• [0086]
    One particular mode of operation of the present invention will now be described. Most hospitals commonly have an established formulary of medications which defines how the medications are typically dispensed. When a patient care management system according to the present invention is first installed, a hospital committee may be formed to determine how that formulary would be applied to the patient care devices in the institution. The configuration definitions (e.g., by hospital unit such as ICU, NICU, Pediatrics, Oncology, Surgery, etc.) are agreed upon and the drugs and typical infusion protocols and guidelines are established. In addition, all out-of-limit conditions are defined. A technician at the institution may enter these values into the database 122 (FIG. 9), or multiple configuration databases, to customize it for the particular institution. Alternatively, an institution may purchase, or otherwise be provided, with a medical database, containing commonly used rule sets, protocols, out-of-limit events and the like, which may be used by the institution, or which may be modified by the institution as desired.
  • [0087]
    A patient entering a hospital or other care giving facility is provided with a wristband, necklace, ankle band or other identifier that is affixed to the patient in a manner so that the patient can be identified even if the patient is unconscious or otherwise unresponsive. This wristband or other device may include a bar code representing the name of the patient and other information that the institution has determined is important. Additionally, any other information such as age, allergies, or other vital information may be encoded into the bar code. Alternatively, the patient information device may be an active embedded computer or passive device attached to a wrist band or other carrier that is attached to the patient. Such a device would be responsive to devices located throughout the care-giving facility, such as readers or wireless transmitter/receivers, to provide the identity of the patient along with other information when the device is queried.
  • [0088]
    After the patient is admitted and situated in a bed within the facility, the patient is typically evaluated by a physician and a course of treatment is prescribed. The physician prescribes a course of treatment by preparing an order which may request a series of laboratory tests or administration of a particular medication to the patient. In some case, the physician prepares the order by filling in a form or writing the order on a slip of paper to be entered into the hospital system for providing care. In other cases, the physician may enter the medication order directly into a physician order entry system 42 (FIG. 1) or may instruct a nurse or other care-giving professional to do so.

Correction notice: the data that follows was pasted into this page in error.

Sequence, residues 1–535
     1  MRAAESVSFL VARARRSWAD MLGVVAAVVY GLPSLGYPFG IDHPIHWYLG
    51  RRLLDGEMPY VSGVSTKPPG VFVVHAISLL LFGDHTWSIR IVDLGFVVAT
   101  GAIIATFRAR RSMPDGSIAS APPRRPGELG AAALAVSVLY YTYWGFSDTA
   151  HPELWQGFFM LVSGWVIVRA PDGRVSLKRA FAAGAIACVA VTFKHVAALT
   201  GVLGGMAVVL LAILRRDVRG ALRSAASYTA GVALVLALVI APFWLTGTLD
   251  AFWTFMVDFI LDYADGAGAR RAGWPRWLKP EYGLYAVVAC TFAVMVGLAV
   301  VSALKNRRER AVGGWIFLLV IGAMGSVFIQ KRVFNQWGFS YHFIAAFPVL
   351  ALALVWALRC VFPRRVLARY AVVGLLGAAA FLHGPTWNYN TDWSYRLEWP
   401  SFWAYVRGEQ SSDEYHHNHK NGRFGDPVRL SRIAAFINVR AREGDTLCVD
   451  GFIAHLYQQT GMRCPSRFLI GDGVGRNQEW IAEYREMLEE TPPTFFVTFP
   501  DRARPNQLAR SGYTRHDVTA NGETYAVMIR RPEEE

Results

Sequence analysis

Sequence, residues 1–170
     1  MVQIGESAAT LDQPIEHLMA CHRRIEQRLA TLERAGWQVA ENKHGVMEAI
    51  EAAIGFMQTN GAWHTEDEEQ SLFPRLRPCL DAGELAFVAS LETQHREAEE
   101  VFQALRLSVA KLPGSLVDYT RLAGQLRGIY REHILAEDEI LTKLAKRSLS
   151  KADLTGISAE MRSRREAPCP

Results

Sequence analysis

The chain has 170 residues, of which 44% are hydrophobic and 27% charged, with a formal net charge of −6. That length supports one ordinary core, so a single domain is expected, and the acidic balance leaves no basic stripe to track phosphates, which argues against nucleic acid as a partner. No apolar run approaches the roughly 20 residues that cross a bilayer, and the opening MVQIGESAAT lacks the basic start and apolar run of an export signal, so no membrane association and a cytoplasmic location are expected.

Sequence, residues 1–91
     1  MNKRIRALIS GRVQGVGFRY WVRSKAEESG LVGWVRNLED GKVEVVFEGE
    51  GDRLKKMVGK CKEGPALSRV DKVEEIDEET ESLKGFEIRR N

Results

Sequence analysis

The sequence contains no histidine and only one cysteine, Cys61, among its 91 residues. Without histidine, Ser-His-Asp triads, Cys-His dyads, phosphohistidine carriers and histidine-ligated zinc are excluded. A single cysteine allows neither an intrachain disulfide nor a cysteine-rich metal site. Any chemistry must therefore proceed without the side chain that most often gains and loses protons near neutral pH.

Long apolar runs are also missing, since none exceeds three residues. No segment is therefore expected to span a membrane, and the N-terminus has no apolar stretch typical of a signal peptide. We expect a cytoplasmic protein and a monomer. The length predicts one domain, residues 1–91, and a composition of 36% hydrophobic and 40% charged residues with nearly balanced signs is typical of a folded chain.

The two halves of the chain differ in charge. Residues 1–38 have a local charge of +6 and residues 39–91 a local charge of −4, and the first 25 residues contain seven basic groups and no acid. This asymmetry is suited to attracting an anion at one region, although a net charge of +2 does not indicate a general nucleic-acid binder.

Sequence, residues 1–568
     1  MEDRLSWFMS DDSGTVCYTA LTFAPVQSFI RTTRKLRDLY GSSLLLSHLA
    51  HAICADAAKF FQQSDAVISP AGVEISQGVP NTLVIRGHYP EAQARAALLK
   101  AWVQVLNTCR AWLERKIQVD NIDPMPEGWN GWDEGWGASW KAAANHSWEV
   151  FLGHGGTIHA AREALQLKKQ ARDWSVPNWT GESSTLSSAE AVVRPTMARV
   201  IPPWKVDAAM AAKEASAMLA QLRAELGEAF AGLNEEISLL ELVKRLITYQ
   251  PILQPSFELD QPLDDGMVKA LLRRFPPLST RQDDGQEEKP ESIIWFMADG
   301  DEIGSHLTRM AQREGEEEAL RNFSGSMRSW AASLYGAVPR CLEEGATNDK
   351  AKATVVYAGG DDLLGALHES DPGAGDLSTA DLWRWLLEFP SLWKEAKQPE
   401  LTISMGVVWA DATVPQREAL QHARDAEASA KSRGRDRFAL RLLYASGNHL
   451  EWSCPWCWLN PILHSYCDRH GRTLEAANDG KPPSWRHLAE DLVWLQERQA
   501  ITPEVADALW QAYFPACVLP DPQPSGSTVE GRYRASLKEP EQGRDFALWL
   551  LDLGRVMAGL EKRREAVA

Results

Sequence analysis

• [0089]
    If the order is for administration of a particular medication regimen, the order will be transmitted to the facility's pharmacy information system 20. Using the pharmacy CPU 60, the pharmacy reviews the order. The pharmacy management and guidelines module 120 checks each order against the database 122 for incompatibilities, including interactions with other drugs and with patient conditions, such as patient allergies, diseases, and vital signs. If no incompatibilities are detected, the pharmacy prepares the medication according to the requirements of the physician. Typically, the pharmacy packages the medication in a container, and a copy of the order, or at a minimum the patient's name, the drug name, and the appropriate treatment parameters are represented on a label that is affixed to the drug container. This information may be represented by a bar code, or it may be stored in a smart label, such as a label having an embedded computer or passive device.
  • [0090]
    Once the order has been prepared, the order is sent to the nurse station for matching with the appropriate patient. Alternatively, if the medication is for a commonly or routinely prescribed medication, the medication may be included in an inventory of medications that is stored in a secure cabinet adjacent the nurse station. In such a case, the nurse station will receive from the pharmacy a list of the orders stored in the pharmacy information system 20 that may be drawn from the inventory adjacent the nurse station. The nurse will enter her identifier at the cabinet to gain access, in accordance with standard practice. The nurse or other professional assigned the task of gathering medications will then match the orders received from the pharmacy information system 20 to the medications stored in the inventory and pull those medications that are to be delivered to specific patients. These procedures are carried out whether the medication to be delivered is an oral medication, or a medication that is to be delivered intramuscularly or through an infusion.
  • [0091]